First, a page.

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Darwinism and intelligent design

I don’t know much about the topic in its specific sense as a theory opposed to Darwinism. Some ideas associated with it do seem to make sense. It seems to me, for example, that mathematical analysis and basic physics and chemistry ought to set outer bounds on what random variation and natural selection can do, and so cast light on their plausibility as explanations for how life has developed. Whether much light has yet been cast I really have no idea.

But why should I care? ID is not a crucial topic from my point of view. So far as I can tell, Darwinian theory, as a non-metaphysical scientific theory, is consistent with the view that Divine Providence actually determines, and can be known to determine, everything that happens. All that’s needed is to note that modern natural science does not include all knowledge, scientific theories eliminate data points they can’t make sense of, and to say something is “random” for purposes of a science is only to say that it is not correlated with anything the science takes into account. A fluctuation in marriage rates might be random from the standpoint of a demographer, but that doesn’t mean people marry randomly or that a psychologist would agree that the marriages are random. Each science has its limits, and the same is true of modern natural science as an overall project. They give us useful but not ultimate truths.

Nonetheless, in a more general and perhaps non-scientific but nonetheless rational sense theism seems very closely connected to belief in intelligent design. If God is active, all knowing, all powerful, and the ultimate cause and explanation of all things, then it seems the world must be intelligently created and intended, and so designed. Similarly, to see the world as a whole as intelligently designed seems to imply belief in something very like the traditional conception of God.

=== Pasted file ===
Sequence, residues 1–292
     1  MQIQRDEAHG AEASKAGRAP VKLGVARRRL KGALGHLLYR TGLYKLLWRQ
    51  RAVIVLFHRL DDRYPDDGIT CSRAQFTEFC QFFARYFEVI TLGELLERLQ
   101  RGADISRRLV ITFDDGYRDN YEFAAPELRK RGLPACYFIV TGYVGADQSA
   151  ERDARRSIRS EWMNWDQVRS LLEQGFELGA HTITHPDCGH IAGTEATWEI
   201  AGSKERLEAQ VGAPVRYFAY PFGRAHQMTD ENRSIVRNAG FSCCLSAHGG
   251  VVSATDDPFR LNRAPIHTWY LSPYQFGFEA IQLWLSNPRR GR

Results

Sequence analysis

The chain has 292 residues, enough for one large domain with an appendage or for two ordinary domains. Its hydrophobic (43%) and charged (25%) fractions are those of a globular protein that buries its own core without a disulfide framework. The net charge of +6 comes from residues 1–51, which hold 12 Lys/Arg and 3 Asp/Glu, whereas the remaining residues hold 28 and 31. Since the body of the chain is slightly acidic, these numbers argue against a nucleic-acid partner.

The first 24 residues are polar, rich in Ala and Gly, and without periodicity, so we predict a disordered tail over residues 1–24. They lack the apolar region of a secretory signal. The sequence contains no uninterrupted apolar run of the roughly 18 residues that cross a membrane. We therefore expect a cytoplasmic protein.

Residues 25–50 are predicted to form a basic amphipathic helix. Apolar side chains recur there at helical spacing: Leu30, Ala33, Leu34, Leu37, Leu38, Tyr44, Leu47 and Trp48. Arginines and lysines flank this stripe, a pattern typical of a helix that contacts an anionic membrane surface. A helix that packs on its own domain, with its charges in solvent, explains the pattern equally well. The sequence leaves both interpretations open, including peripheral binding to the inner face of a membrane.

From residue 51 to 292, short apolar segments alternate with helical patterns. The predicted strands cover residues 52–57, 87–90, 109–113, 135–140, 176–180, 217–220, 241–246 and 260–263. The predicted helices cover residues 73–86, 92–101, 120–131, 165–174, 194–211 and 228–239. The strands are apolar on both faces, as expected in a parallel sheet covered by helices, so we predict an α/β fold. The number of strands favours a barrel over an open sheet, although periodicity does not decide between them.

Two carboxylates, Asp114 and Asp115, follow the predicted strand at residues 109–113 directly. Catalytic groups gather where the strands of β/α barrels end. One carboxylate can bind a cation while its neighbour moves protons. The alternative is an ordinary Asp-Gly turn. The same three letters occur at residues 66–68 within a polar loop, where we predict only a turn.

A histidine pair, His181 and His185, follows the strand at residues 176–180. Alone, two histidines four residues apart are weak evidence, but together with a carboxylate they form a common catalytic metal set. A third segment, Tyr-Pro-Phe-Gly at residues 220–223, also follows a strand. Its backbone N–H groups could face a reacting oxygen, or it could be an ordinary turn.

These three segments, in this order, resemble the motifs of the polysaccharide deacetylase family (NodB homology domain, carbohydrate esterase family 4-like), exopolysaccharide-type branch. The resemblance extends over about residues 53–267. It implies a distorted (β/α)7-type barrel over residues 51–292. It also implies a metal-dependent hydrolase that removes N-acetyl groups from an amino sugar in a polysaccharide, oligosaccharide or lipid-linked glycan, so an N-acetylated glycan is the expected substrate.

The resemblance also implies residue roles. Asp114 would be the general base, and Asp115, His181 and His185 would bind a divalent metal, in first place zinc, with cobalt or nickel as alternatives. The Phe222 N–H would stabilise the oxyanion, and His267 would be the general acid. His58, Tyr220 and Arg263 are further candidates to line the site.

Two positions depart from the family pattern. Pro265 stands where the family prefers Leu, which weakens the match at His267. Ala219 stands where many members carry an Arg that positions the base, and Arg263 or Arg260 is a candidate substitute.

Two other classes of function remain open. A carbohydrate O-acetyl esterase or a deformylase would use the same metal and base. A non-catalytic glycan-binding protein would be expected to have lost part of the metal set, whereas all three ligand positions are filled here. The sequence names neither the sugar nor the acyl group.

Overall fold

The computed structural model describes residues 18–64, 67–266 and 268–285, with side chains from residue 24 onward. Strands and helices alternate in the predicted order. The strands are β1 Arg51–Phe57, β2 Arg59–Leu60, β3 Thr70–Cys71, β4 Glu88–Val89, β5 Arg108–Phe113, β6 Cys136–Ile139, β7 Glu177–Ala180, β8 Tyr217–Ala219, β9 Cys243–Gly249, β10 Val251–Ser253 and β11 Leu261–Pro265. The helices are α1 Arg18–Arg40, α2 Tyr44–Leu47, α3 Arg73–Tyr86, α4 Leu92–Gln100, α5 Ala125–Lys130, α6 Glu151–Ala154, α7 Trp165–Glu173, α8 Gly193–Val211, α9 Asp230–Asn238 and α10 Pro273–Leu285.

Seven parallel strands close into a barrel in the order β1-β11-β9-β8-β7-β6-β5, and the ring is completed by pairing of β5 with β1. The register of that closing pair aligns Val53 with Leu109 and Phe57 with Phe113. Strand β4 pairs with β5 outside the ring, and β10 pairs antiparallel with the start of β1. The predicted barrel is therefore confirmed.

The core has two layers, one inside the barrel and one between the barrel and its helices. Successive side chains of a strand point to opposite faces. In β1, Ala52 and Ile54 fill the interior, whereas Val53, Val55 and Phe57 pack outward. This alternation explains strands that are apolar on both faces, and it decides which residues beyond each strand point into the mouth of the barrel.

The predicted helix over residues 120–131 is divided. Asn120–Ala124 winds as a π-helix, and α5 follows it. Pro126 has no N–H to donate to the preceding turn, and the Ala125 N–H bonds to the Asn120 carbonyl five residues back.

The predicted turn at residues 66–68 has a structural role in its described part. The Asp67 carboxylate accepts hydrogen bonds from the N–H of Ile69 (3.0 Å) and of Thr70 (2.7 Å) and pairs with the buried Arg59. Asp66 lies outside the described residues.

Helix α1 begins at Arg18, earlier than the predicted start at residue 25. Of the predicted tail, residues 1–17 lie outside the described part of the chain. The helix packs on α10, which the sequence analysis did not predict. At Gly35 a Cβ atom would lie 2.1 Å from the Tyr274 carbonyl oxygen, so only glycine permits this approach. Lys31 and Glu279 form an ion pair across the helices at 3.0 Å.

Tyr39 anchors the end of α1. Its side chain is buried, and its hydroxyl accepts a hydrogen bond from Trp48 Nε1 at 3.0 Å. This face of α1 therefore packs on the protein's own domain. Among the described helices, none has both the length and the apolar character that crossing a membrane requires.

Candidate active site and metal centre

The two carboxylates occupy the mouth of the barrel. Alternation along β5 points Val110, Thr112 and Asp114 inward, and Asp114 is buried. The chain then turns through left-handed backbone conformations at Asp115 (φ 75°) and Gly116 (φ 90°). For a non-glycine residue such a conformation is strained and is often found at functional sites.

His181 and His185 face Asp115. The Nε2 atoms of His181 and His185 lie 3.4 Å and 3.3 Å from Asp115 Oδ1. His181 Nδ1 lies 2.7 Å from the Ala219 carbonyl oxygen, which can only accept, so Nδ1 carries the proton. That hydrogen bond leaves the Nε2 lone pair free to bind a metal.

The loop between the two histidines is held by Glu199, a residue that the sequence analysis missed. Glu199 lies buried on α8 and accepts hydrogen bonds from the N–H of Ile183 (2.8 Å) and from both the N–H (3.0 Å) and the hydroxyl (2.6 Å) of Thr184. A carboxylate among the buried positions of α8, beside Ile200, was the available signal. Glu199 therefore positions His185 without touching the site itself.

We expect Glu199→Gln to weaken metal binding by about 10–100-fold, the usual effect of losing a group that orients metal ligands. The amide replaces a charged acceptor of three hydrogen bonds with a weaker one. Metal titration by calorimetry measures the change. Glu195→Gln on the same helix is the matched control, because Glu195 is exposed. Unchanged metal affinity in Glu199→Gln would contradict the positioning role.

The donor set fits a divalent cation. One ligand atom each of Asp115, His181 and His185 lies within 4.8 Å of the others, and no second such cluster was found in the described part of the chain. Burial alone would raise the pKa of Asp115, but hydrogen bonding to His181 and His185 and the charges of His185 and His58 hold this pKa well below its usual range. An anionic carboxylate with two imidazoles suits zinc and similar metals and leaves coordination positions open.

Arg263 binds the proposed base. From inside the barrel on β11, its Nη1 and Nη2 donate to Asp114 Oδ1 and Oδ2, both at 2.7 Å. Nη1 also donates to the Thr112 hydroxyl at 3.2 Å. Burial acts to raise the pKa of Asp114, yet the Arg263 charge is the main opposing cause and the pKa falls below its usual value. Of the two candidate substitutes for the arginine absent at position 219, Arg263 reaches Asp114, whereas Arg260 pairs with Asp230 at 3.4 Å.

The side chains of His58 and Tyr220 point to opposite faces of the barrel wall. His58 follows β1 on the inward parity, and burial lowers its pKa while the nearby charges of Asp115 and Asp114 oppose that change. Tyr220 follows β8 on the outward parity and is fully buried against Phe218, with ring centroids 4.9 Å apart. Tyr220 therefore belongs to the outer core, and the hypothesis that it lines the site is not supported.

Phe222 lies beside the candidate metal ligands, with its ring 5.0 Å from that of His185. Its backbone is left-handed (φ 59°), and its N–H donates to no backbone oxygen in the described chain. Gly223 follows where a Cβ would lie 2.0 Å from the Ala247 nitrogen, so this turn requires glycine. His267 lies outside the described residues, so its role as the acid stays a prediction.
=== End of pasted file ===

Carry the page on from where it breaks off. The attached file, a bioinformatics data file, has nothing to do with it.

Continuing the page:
So the real question is God. A basic objection to the idea of God today seems to be that people think it’s weird. To all appearances that’s why current anti-theological writers don’t bother informing themselves about theology. To the extent that’s the objection, it’s based on unexamined metaphysical prejudices that lack any rational basis. Why should the existence of God be odder than the existence of a quark or anything else? Are myriad mindless ultimate particles more plausible than one intelligent ultimate being? Why is that? God at least is thought to be self-caused and self-explanatory, which is more than quarks can say for themselves.

Besides, God’s existence would be a big help explaining what the world is actually like. It would make qualia—subjective experience—a basic feature of reality, which seems necessary for something so sui generis to exist at all. Denying the existence of consciousness is brain-dead. Blathering about “emergent properties” is hand-waving that explains nothing. The universe appears fine-tuned to support intelligent life, and thus evaluation, rationality and knowledge as principles that are concretely operative within it. Does it make any sense for something so improbable (assuming the fine-tuning argument), and so closely related to apparently non-physical attributes like consciousness that are necessary for knowledge and evaluation to be present within the world, to be the random outcome of a blind purely physical process?